Ireland is shown to be seriously deficient in addressing hate crime in a report published by the Chief Commissioner of the Irish Human Rights and Equality Commission.
The Lifecycle of a Hate Crime: Country Report for Ireland shows that, from the point at which a victim reports a crime to the gardaí to the point at which a judge sentences an offender, the hate element of a crime is filtered out of the criminal justice process.
Commissioner Emily Logan said: "It is not the responsibility of victims to avoid being targets of hate crime: the State, as the principal duty bearer - has a responsibility to send a clear message to society that hate crime is not tolerated.
"Hate Crime has a real-world, oppressive and damaging effect on those who fall victim to it. Hate Crime can cause people to withdraw from society and avoid expressing their identity.
"When unchallenged, hate crime carries consequences well beyond the immediate victim.
"It has the power to act as a 'message crime' - the ability to send out a message to an entire community - to warn off those who stray from the norm.
"It can also cause people to alter their daily lives to avoid further victimisation, including moving neighbourhood or job."
Report co-author, Dr Amanda Haynes, said: "There is no way of recording that an offender has committed a hate crime, meaning that there is no way of addressing this type of offending behaviour and no way of recognising recidivists.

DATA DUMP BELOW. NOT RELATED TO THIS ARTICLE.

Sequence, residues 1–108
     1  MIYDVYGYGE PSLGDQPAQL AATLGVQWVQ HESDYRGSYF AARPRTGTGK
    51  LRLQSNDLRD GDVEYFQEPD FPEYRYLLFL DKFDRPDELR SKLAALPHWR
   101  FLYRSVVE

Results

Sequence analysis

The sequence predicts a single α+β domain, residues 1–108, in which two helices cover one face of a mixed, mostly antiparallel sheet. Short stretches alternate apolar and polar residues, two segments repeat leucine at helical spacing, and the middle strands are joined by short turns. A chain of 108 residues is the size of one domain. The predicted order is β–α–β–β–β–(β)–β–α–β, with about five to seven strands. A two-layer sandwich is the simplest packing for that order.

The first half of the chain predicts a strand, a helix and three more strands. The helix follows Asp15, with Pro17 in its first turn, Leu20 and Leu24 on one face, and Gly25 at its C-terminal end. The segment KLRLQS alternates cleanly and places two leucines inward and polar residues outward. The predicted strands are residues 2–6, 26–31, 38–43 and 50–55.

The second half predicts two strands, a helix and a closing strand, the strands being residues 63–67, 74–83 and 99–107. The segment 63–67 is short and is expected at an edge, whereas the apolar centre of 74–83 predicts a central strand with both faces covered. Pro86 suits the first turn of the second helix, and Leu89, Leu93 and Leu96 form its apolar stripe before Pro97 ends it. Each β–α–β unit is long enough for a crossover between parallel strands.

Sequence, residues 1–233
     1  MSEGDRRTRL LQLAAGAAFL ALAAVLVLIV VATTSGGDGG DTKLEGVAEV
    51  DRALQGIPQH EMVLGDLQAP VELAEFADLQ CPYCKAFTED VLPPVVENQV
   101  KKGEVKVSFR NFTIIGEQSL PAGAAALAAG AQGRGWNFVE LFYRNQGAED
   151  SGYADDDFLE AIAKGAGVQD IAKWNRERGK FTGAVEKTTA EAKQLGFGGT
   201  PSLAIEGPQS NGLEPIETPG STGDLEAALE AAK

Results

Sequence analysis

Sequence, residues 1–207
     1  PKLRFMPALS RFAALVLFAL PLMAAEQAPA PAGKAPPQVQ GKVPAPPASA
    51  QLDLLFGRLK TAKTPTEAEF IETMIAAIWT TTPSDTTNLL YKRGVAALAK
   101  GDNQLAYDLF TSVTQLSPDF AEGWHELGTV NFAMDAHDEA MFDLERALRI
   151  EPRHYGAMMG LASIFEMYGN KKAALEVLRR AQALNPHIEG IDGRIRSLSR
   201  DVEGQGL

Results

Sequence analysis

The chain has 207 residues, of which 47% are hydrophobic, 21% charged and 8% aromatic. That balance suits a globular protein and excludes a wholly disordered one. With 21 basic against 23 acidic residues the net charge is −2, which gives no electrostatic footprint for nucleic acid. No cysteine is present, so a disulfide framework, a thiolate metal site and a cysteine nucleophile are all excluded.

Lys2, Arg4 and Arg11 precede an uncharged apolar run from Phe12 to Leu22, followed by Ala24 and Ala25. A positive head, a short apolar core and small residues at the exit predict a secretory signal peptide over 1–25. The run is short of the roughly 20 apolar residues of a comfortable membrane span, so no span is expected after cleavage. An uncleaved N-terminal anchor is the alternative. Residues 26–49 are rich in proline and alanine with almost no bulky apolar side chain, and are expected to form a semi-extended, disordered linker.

"Hate crime simply is not part of the language of the Irish criminal justice process."
The Irish Council for Civil Liberties said Ireland has one of the highest rates of hate crime against people of African background and transgender people in the EU, but no laws to address it.
The report was funded by the European Commission and is the product of a two-year international research project involving five EU states, coordinated by the Irish Council for Civil Liberties.
The Irish research was conducted by the Hate and Hostility Research Group at the University of Limerick.
The National Steering Group Against Hate Crime, a coalition of civil society organisations, has called for the introduction of hate crime legislation for a number of years.
The authors of the report said the absence of any laws against hate crime has led to a "policy vacuum" in relation to crimes motivated by prejudice in Ireland.
Co-author Jennifer Schweppe said: "The EU Framework Decision on combating racism and xenophobia requires member states to ensure that a racist motivation is taken into account at sentencing.
"The European Court of Human Rights has also made clear that states are under an obligation to ensure that a hate element is properly investigated in all cases.
"Unfortunately, the criminal justice process in Ireland does not provide those working in the system with the tools to ensure that these two obligations are met.
"People experience hate crime every single day in our country, and it is time that politicians recognised this, and send a clear message through legislation that it is not acceptable."
Executive Director of the Irish Council for Civil Liberties Liam Herrick said: "This report identifies significant gaps in Irish law, policy and criminal justice practice around how we respond to the problem of hate crime."